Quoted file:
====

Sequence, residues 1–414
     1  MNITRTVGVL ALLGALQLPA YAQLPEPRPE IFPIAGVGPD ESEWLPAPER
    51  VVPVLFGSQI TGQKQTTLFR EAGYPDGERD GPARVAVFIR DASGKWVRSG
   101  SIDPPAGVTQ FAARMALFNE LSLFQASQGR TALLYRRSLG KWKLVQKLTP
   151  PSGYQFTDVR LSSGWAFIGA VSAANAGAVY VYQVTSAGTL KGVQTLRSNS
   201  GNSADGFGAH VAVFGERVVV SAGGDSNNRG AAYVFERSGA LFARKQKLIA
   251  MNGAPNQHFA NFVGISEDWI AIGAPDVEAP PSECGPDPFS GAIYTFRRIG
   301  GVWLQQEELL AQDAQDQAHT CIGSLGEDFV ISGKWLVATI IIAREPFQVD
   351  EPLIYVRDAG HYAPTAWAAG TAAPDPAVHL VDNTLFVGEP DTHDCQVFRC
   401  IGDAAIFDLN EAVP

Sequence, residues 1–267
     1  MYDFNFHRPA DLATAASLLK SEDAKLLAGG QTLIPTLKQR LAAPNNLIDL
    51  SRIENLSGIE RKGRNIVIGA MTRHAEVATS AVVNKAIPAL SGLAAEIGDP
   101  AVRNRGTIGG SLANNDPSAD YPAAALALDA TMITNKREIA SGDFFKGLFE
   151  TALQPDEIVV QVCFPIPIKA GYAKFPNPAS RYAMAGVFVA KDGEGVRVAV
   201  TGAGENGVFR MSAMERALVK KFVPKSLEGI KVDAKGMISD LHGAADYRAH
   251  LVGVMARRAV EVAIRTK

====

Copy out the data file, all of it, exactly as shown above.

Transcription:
Sequence, residues 1–414
     1  MNITRTVGVL ALLGALQLPA YAQLPEPRPE IFPIAGVGPD ESEWLPAPER
    51  VVPVLFGSQI TGQKQTTLFR EAGYPDGERD GPARVAVFIR DASGKWVRSG
   101  SIDPPAGVTQ FAARMALFNE LSLFQASQGR TALLYRRSLG KWKLVQKLTP
   151  PSGYQFTDVR LSSGWAFIGA VSAANAGAVY VYQVTSAGTL KGVQTLRSNS
   201  GNSADGFGAH VAVFGERVVV SAGGDSNNRG AAYVFERSGA LFARKQKLIA
   251  MNGAPNQHFA NFVGISEDWI AIGAPDVEAP PSECGPDPFS GAIYTFRRIG
   301  GVWLQQEELL AQDAQDQAHT CIGSLGEDFV ISGKWLVATI IIAREPFQVD
   351  EPLIYVRDAG HYAPTAWAAG TAAPDPAVHL VDNTLFVGEP DTHDCQVFRC
   401  IGDAAIFDLN EAVP

Sequence, residues 1–267
     1  MYDFNFHRPA DLATAASLLK SEDAKLLAGG QTLIPTLKQR LAAPNNLIDL
    51  SRIENLSGIE RKGRNIVIGA MTRHAEVATS AVVNKAIPAL SGLAAEIGDP
   101  AVRNRGTIGG SLANNDPSAD YPAAALALDA TMITNKREIA SGDFFKGLFE
   151  TALQPDEIVV QVCFPIPIKA GYAKFPNPAS RYAMAGVFVA KDGEGVRVAV
   201  TGAGENGVFR MSAMERALVK KFVPKSLEGI KVDAKGMISD LHGAADYRAH
   251  LVGVMARRAV EVAIRTK